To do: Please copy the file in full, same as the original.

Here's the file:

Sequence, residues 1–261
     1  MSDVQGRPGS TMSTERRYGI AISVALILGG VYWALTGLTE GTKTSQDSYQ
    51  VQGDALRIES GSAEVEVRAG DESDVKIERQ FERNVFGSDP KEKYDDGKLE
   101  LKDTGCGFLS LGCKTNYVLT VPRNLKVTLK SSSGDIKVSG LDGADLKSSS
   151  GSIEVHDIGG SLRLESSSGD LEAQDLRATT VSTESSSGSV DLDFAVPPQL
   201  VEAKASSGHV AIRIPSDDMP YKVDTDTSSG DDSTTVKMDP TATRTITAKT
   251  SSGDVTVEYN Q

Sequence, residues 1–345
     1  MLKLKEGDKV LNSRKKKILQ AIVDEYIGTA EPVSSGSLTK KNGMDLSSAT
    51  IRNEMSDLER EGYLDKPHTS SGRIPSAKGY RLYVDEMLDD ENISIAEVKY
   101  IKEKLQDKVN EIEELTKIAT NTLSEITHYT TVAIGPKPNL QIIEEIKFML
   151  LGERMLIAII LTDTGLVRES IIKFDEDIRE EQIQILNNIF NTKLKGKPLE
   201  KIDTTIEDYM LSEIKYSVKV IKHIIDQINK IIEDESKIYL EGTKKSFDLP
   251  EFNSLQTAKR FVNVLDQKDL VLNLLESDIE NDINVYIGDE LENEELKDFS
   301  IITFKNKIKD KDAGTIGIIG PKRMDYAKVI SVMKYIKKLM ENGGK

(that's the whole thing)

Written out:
Sequence, residues 1–261
     1  MSDVQGRPGS TMSTERRYGI AISVALILGG VYWALTGLTE GTKTSQDSYQ
    51  VQGDALRIES GSAEVEVRAG DESDVKIERQ FERNVFGSDP KEKYDDGKLE
   101  LKDTGCGFLS LGCKTNYVLT VPRNLKVTLK SSSGDIKVSG LDGADLKSSS
   151  GSIEVHDIGG SLRLESSSGD LEAQDLRATT VSTESSSGSV DLDFAVPPQL
   201  VEAKASSGHV AIRIPSDDMP YKVDTDTSSG DDSTTVKMDP TATRTITAKT
   251  SSGDVTVEYN Q

Sequence, residues 1–345
     1  MLKLKEGDKV LNSRKKKILQ AIVDEYIGTA EPVSSGSLTK KNGMDLSSAT
    51  IRNEMSDLER EGYLDKPHTS SGRIPSAKGY RLYVDEMLDD ENISIAEVKY
   101  IKEKLQDKVN EIEELTKIAT NTLSEITHYT TVAIGPKPNL QIIEEIKFML
   151  LGERMLIAII LTDTGLVRES IIKFDEDIRE EQIQILNNIF NTKLKGKPLE
   201  KIDTTIEDYM LSEIKYSVKV IKHIIDQINK IIEDESKIYL EGTKKSFDLP
   251  EFNSLQTAKR FVNVLDQKDL VLNLLESDIE NDINVYIGDE LENEELKDFS
   301  IITFKNKIKD KDAGTIGIIG PKRMDYAKVI SVMKYIKKLM ENGGK